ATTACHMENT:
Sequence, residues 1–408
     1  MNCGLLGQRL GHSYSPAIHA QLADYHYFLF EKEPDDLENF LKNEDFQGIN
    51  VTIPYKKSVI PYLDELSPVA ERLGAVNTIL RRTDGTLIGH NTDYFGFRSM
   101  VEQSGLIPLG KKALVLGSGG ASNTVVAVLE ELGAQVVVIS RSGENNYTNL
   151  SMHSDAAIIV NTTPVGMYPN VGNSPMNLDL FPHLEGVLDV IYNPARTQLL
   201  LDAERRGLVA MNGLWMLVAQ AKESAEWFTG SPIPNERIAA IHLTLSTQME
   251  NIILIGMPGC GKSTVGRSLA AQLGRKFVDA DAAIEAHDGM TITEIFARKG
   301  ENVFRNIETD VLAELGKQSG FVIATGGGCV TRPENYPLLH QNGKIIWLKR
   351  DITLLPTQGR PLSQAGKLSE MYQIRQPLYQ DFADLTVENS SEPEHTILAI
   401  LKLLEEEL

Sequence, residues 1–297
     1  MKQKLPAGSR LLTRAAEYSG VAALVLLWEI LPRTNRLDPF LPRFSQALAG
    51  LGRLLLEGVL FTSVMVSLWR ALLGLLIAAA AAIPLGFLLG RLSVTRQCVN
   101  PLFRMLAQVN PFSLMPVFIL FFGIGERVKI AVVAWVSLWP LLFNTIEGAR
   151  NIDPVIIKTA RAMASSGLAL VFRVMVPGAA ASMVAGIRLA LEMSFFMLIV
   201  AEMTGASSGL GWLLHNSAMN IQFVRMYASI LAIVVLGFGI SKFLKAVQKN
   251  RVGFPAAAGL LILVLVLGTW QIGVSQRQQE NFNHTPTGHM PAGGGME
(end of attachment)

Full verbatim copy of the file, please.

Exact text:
Sequence, residues 1–408
     1  MNCGLLGQRL GHSYSPAIHA QLADYHYFLF EKEPDDLENF LKNEDFQGIN
    51  VTIPYKKSVI PYLDELSPVA ERLGAVNTIL RRTDGTLIGH NTDYFGFRSM
   101  VEQSGLIPLG KKALVLGSGG ASNTVVAVLE ELGAQVVVIS RSGENNYTNL
   151  SMHSDAAIIV NTTPVGMYPN VGNSPMNLDL FPHLEGVLDV IYNPARTQLL
   201  LDAERRGLVA MNGLWMLVAQ AKESAEWFTG SPIPNERIAA IHLTLSTQME
   251  NIILIGMPGC GKSTVGRSLA AQLGRKFVDA DAAIEAHDGM TITEIFARKG
   301  ENVFRNIETD VLAELGKQSG FVIATGGGCV TRPENYPLLH QNGKIIWLKR
   351  DITLLPTQGR PLSQAGKLSE MYQIRQPLYQ DFADLTVENS SEPEHTILAI
   401  LKLLEEEL

Sequence, residues 1–297
     1  MKQKLPAGSR LLTRAAEYSG VAALVLLWEI LPRTNRLDPF LPRFSQALAG
    51  LGRLLLEGVL FTSVMVSLWR ALLGLLIAAA AAIPLGFLLG RLSVTRQCVN
   101  PLFRMLAQVN PFSLMPVFIL FFGIGERVKI AVVAWVSLWP LLFNTIEGAR
   151  NIDPVIIKTA RAMASSGLAL VFRVMVPGAA ASMVAGIRLA LEMSFFMLIV
   201  AEMTGASSGL GWLLHNSAMN IQFVRMYASI LAIVVLGFGI SKFLKAVQKN
   251  RVGFPAAAGL LILVLVLGTW QIGVSQRQQE NFNHTPTGHM PAGGGME